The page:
American’s Flight Attendants Union Sticks It To Its Junior Members

When current American Airlines management ran US Airways they were notorious for bad labor relations. They never managed to get a single pilot contract for America West and US Airways pilots, so never completed the merger. Instead they sat back and benefited from lower wages as the two pilots groups fought against each other.

Now American’s flight attendants may wind up fighting against each other, as two classes of employees within the union are treated very differently. This, as the flight attendants are ostensibly in new contract negotiations with the airline and as there’s a move afoot to dump the current Association of Professional Flight Attendants with the Association of Flight Attendants-Communications Workers Of America.

With only a fraction of American Airlines flights scheduled to operate in May, the union has determined that the most junior flight attendants will have to fly while senior flight attendants will be paid not to work. That’s the reverse of the usual procedure, where the most senior members of a union are assigned to work first.

In a highly unusual move, the union that represents some 28,000 flight attendants at American Airlines has decided that its most junior members will be the ones who are expected to work flights throughout the month of May with more senior flight attendants paid up to 70-hours of flying time but not actually working any flights. Normally, the flight attendant contract requires trip bids to be assigned in strict seniority order.

The Association of Professional Flight Attendants (APFA) told its members in an internal update that a reduction in normal flying hours in May by as much as 80 per cent meant there simply wasn’t enough flights to go around. The PBS bidding system that builds flight attendant schedules works on assigning every crew member a roster with at least 75 to 85 flying hours but this clearly isn’t achievable.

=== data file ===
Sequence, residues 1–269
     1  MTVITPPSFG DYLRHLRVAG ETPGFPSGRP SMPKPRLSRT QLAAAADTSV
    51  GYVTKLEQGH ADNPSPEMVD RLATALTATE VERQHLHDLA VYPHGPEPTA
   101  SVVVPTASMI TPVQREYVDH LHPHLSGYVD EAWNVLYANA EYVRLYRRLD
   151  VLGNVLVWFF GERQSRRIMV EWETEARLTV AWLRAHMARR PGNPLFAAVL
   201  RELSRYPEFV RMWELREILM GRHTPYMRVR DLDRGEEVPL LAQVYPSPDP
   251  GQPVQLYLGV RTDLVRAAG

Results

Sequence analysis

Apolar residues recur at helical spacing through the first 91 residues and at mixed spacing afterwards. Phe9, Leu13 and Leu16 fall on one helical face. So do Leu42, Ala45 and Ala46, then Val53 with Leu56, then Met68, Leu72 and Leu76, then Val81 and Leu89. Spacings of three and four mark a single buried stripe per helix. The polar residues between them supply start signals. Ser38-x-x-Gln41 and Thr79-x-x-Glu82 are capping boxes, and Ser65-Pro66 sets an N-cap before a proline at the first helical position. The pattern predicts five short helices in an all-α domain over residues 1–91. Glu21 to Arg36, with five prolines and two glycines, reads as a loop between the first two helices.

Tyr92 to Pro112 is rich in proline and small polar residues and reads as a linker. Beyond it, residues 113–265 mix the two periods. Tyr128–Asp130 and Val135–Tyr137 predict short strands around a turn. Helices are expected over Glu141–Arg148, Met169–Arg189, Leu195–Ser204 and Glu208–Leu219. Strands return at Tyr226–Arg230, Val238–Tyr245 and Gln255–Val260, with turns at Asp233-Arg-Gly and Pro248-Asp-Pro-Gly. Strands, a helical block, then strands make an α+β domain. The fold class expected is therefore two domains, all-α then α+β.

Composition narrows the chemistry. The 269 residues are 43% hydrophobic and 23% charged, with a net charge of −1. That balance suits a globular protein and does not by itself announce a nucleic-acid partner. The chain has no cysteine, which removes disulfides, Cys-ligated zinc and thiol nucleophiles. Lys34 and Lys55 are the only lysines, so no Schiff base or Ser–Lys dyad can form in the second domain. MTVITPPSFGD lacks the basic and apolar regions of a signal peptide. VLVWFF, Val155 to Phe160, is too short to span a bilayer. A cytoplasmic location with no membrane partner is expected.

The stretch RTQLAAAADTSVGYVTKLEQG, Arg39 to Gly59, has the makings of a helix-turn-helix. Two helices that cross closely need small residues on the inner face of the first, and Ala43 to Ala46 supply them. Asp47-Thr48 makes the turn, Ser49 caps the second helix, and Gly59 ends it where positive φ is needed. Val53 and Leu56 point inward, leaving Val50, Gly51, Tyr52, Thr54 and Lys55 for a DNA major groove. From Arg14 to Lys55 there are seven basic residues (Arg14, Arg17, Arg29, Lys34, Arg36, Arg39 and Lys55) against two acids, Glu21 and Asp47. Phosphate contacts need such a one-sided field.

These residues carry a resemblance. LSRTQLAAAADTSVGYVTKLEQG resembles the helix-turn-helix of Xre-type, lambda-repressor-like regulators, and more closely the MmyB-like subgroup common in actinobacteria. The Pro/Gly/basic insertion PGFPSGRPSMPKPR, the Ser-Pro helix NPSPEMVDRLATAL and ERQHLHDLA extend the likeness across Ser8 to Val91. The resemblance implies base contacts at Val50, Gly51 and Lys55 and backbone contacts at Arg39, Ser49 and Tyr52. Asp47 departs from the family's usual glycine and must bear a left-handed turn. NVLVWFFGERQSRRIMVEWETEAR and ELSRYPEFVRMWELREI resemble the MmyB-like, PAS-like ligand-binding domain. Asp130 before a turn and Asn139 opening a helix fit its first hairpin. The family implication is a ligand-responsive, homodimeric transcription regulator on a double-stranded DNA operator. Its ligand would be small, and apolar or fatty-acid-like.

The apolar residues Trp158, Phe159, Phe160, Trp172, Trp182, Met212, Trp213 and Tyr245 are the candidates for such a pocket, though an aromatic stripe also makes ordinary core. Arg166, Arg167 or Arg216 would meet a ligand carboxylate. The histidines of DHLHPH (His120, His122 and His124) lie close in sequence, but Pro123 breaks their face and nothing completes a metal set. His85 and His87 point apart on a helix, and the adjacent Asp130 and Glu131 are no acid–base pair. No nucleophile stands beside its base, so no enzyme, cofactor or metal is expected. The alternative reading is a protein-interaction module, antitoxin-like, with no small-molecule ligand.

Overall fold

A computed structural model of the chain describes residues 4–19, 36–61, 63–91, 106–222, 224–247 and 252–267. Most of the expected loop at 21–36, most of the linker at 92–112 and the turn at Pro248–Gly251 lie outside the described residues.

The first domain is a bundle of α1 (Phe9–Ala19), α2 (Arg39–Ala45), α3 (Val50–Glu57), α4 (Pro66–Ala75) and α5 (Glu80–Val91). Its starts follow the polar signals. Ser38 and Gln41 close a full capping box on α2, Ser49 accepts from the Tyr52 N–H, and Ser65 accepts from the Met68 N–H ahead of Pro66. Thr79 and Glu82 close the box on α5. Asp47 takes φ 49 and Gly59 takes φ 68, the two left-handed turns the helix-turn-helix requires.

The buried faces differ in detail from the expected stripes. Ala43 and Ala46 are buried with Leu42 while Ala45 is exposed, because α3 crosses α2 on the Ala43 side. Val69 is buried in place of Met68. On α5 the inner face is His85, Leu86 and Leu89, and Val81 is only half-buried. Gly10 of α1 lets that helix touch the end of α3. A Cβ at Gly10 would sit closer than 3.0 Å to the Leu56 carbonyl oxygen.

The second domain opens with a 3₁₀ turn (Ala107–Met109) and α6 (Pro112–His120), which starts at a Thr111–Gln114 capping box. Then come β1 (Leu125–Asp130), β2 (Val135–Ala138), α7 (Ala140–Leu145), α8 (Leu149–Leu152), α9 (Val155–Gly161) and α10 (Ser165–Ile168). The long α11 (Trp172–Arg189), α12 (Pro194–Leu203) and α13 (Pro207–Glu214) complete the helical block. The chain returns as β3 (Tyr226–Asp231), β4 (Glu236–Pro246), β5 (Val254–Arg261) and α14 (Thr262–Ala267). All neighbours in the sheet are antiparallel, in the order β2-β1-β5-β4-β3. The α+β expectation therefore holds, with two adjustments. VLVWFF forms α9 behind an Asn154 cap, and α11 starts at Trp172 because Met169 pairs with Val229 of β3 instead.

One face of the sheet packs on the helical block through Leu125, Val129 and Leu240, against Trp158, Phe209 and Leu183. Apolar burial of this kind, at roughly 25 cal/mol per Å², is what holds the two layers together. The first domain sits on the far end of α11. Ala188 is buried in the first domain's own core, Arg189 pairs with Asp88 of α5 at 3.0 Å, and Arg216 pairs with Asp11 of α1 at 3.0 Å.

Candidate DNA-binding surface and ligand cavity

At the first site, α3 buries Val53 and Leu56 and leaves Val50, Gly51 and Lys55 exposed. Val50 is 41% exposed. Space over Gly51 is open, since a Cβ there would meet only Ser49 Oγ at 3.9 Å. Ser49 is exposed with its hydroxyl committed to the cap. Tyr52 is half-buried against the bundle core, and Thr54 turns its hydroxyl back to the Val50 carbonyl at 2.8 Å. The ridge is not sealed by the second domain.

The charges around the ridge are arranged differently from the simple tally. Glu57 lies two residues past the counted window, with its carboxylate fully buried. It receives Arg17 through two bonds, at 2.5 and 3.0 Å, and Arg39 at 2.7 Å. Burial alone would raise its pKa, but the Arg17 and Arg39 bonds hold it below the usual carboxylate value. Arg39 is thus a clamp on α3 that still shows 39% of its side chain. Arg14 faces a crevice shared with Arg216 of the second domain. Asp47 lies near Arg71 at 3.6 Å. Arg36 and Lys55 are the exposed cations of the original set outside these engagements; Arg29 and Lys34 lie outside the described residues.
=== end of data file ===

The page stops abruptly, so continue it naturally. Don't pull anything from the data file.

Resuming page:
The outdated IT system, however, can’t be reprogrammed easily to account for the reduced flying hours so a decision had to be made as to which flight attendants weren’t even going to have the option to bid for trips.

I believe the correct way to handle this situation would be:

  • Flight attendants first volunteer to work
  • Non-working flight attendants see reduced pay, with that money used to fund higher ‘hazard pay’ for those who volunteer.

Instead junior flight attendants will have to work, and risk discipline for calling out, while more senior flight attendants will collect guaranteed minimum pay without having to work at all (though higher than usual amounts of sick and personal time requests by working flight attendants will likely call more than usual off of reserve).

The decision by the union to advantage some members over others is hardly new at the Association of Professional Flight Attendants. The union faces a similar issue in its contract negotiations over schedule flight attendants for trips versus working reserve, and whether that should be done strictly based on seniority or a mix where everyone gets both scheduled trips and waiting time.

These sorts of issues divide a membership, improve the company’s relative bargaining position, and risk an outside union like AFA-CWA from becoming an attractive alternative for disenfranchised workers. For now the risk is small – with less than 20% of flights operating, the number of flight attendants working is small, however if this same approach prevails as the airline’s schedule returns it could create a real problem holding the union together.

About Gary Leff

Gary Leff is one of the foremost experts in the field of miles, points, and frequent business travel - a topic he has covered since 2002. Co-founder of frequent flyer community InsideFlyer.com, emcee of the Freddie Awards, and named one of the "World's Top Travel Experts" by Conde' Nast Traveler (2010-Present) Gary has been a guest on most major news media, profiled in several top print publications, and published broadly on the topic of consumer loyalty. More About Gary »